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The Short-and Long-Run Determinants of Unskilled Immigration into US States

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Abstract

This paper uses a gravity model of migration to analyze how income differentials affect the flow of immigrants into U.S. states. We add to existing literature by decomposing income differentials into short- and long-term components and by focusing on newly arrived unskilled immigrants between 2000-2008. Our sample is unique in that 95 percent of our observed immigrant flows equal zero. The trade literature has advocated using the Eaton and Tamura (1994) threshold Tobit model in similar settings, and we are the first to apply the methodology to analyze the determinants of immigration. We find that recent U.S. immigrants positively respond to differences in long-term (or trend) GDP between origin countries and U.S. states. When appropriately accounting for the zero values, we also find that differences in GDP fluctuations significantly affect the flow of unskilled immigrants. In addition, we find that short-run GDP fluctuations pull unskilled immigrants into certain U.S. states, whereas GDP levels push unskilled immigrants out of their countries of origin.

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File URL: http://commons.colgate.edu/cgi/viewcontent.cgi?article=1012&context=econ_facschol
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Bibliographic Info

Paper provided by Department of Economics, Colgate University in its series Working Papers with number 2010-06.

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Date of creation: 24 Aug 2010
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Handle: RePEc:cgt:wpaper:2010-06

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Keywords: immigration; macroeconomics; GDP; gravity;

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References

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  1. Jeffrey Grogger & Gordon H. Hanson, 2008. "Income Maximization and the Selection and Sorting of International Migrants," NBER Working Papers 13821, National Bureau of Economic Research, Inc.
  2. Lewer, Joshua J. & Van den Berg, Hendrik, 2008. "A gravity model of immigration," Economics Letters, Elsevier, vol. 99(1), pages 164-167, April.
  3. Lewer, Joshua J. & Pacheco, Gail & Rossouw, Stephanié, 2009. "Do Non-Economic Quality of Life Factors Drive Immigration?," IZA Discussion Papers 4385, Institute for the Study of Labor (IZA).
  4. David Karemera & Victor Iwuagwu Oguledo & Bobby Davis, 2000. "A gravity model analysis of international migration to North America," Applied Economics, Taylor & Francis Journals, vol. 32(13), pages 1745-1755.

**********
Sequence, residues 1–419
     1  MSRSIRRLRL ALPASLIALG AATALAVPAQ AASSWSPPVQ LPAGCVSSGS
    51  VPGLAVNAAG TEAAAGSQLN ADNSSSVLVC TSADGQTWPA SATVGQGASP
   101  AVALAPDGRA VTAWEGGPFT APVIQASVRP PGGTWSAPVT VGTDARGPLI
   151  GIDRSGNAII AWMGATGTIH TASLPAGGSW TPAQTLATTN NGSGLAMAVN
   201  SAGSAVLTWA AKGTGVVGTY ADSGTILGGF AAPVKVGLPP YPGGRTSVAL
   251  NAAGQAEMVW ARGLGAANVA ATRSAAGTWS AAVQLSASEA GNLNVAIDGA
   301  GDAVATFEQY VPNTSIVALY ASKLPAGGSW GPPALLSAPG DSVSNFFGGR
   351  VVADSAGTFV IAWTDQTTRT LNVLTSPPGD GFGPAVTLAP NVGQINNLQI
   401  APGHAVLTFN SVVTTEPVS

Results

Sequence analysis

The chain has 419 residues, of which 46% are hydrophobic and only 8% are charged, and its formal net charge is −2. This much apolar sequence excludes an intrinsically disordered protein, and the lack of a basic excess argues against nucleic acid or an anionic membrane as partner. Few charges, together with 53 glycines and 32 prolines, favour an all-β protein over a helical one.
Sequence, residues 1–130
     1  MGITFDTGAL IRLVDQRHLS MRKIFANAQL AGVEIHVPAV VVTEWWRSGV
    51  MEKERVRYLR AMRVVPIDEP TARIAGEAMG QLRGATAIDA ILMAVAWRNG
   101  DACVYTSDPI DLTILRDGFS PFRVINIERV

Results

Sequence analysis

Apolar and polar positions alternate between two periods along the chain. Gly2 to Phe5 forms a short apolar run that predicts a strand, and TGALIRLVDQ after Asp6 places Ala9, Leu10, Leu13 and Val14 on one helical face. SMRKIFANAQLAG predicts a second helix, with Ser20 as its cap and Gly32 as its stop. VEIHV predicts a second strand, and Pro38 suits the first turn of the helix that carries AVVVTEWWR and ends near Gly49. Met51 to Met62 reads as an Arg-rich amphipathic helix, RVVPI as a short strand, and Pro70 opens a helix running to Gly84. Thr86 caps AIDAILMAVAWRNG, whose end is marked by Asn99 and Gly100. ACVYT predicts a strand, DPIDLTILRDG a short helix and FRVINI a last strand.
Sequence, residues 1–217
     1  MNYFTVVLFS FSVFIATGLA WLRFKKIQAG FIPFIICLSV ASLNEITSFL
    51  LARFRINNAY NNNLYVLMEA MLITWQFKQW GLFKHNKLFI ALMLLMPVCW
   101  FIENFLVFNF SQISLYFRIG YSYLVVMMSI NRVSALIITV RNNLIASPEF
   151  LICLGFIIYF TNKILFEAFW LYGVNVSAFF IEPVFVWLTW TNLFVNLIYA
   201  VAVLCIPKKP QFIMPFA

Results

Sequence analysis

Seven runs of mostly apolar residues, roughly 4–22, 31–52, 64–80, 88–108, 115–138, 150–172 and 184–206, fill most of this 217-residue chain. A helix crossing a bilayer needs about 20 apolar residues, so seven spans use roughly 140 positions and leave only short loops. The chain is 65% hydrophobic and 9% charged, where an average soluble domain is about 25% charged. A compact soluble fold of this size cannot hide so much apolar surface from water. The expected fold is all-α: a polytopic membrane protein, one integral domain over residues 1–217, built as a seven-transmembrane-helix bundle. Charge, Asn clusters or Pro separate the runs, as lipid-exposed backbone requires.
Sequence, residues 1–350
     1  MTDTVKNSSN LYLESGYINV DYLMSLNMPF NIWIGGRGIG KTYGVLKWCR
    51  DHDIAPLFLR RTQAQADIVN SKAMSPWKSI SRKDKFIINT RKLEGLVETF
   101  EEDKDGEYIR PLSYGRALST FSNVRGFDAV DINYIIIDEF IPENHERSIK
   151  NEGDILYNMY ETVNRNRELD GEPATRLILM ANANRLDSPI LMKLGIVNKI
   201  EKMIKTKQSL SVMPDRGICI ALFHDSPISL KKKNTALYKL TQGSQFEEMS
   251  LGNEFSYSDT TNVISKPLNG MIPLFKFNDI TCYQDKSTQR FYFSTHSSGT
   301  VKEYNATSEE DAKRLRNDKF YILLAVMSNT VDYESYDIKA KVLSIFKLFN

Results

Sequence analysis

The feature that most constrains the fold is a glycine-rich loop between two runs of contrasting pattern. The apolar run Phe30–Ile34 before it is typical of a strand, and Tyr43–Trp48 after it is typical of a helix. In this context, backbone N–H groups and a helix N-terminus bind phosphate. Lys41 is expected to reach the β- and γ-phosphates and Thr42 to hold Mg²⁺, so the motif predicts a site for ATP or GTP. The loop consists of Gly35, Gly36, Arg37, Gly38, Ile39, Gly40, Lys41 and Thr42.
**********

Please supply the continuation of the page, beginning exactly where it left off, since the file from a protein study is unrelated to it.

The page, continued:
5. Adriana Kugler & Mutlu Yuksel, 2008. "Effects of Low-Skilled Immigration on U.S. Natives: Evidence from Hurricane Mitch," CReAM Discussion Paper Series 0809, Centre for Research and Analysis of Migration (CReAM), Department of Economics, University College London.
  6. Timothy Hatton & Jeffery Williamson, 2002. "What Fundamentals Drive World Migration?," CEPR Discussion Papers 458, Centre for Economic Policy Research, Research School of Economics, Australian National University.
  7. Federico Mandelman & Andrei Zlate, 2010. "Immigration, remittances and business cycles," International Finance Discussion Papers 998, Board of Governors of the Federal Reserve System (U.S.).
  8. Pavel Svaton & Thierry Warin, 2007. "European Migration: Welfare Migration or Economic Migration?," International Trade and Finance Association Conference Papers 1095, International Trade and Finance Association.
  9. George J. Borjas, 2001. "Does Immigration Grease the Wheels of the Labor Market?," Brookings Papers on Economic Activity, Economic Studies Program, The Brookings Institution, vol. 32(1), pages 69-134.
  10. George J. Borjas, 1998. "Immigration and Welfare Magnets," NBER Working Papers 6813, National Bureau of Economic Research, Inc.
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Cited by:
  1. Alicia Adsera & Mariola Pytlikova, 2012. "The role of language in shaping international migration," Norface Discussion Paper Series 2012014, Norface Research Programme on Migration, Department of Economics, University College London.
  2. Bertoli, Simone & Fernández-Huertas Moraga, Jesús, 2012. "Visa Policies, Networks and the Cliff at the Border," IZA Discussion Papers 7094, Institute for the Study of Labor (IZA).
  3. Simone Bertoli & Jesús Fernández-HuertasMoraga, 2011. "Multilateral Resistance to Migration," Working Papers 2011-04, FEDEA.

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